Sunday, February 8, 2009

CCIF Slashdotted: Meta-data in the cloud

A nice spike in traffic to the CCIF today thanks to our friends at F5 (Lori MacVittie) and Slashdot. In MacVittie's post she asks "Who owns application delivery meta-data in the cloud?" I found this statement particularly interesting, in it she says "There is a very real danger, however, that cloud interoperability and portability specifications will fail to address the very real need to include all the relevant application and network infrastructure meta-data necessary to move an application from one cloud to another."

This is exactly the problem we're trying to solve with the CCIF and our unified cloud interface working group. In this effort we are attempting to create an open semantic specification (taxonomy, ontology, etc) of the meta data models and control structures applied across multiple cloud & infrastructure providers.

For those new to the CCIF, the goal of our unified cloud interface (UCI) is simple, an API for other API's. A singular abstraction that can encompass the entire infrastructure stack as well as emerging cloud centric technologies through a unified interface. Although actually implementing this vision will be far more difficult.

I think the real question about cloud interoperability has more to do with portability and vendor lockin versus freedom from the confines of your traditional infrastructure. And, yes the two are not mutually exclusive. Whether it's internal or external, proprietary or open, for me the answer is choice. Interoperability gives the freedom to choose the best services, providers and applications regardless of technology or market adoption.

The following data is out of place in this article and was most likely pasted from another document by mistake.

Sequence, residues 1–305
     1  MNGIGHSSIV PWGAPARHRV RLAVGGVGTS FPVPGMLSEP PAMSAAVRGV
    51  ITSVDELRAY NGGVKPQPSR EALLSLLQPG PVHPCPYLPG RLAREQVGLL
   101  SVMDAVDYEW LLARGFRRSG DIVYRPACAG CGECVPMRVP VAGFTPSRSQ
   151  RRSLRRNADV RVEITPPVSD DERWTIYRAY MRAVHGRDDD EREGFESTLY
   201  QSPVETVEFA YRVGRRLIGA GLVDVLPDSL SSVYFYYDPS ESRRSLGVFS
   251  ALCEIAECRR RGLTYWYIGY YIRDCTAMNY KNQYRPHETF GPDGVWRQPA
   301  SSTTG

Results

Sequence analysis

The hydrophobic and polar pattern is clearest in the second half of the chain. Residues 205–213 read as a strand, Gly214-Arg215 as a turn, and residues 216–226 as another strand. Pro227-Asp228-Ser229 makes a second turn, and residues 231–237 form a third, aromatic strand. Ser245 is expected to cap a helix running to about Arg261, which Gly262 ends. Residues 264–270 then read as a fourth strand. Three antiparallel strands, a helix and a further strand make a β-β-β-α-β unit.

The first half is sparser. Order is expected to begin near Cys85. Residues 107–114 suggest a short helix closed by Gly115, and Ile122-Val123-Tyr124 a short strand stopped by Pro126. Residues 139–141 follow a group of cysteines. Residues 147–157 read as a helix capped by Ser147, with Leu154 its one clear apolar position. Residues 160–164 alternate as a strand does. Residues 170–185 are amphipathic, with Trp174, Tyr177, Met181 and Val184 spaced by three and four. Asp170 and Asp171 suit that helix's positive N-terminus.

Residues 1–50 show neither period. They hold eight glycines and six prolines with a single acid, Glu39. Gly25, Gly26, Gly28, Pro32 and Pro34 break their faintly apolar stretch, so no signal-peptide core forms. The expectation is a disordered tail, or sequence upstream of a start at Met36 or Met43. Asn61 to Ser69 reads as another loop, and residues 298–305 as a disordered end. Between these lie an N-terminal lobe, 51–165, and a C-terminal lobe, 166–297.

Don't get me wrong, cloud portability is nice and should be a focal point. But there is already a significant amount of work being done in this space, at least from a VM point of view. In particular is the work the Distributed Management Task Force and VMWare have being doing on the Open Virtual Format. I'd love to be able to take an OVF formatted virtual application and deploy it to Amazon EC2, GoGrid, Rackspace and Savvis and have it run & scale in the same way. But even with OVF, the question of how to uniformly interact with the "cloud" still remains. I think the broader opportunity for cloud interoperability and the CCIF isn't to create a new set of standards, but instead to advocate for those that have been created or like OVF, advocate for those that are in the midst of being adopted.

So who owns this meta data that describes the cloud resources? I say those who run their applications in the cloud do. As for who owns the data you put in the cloud? You do.

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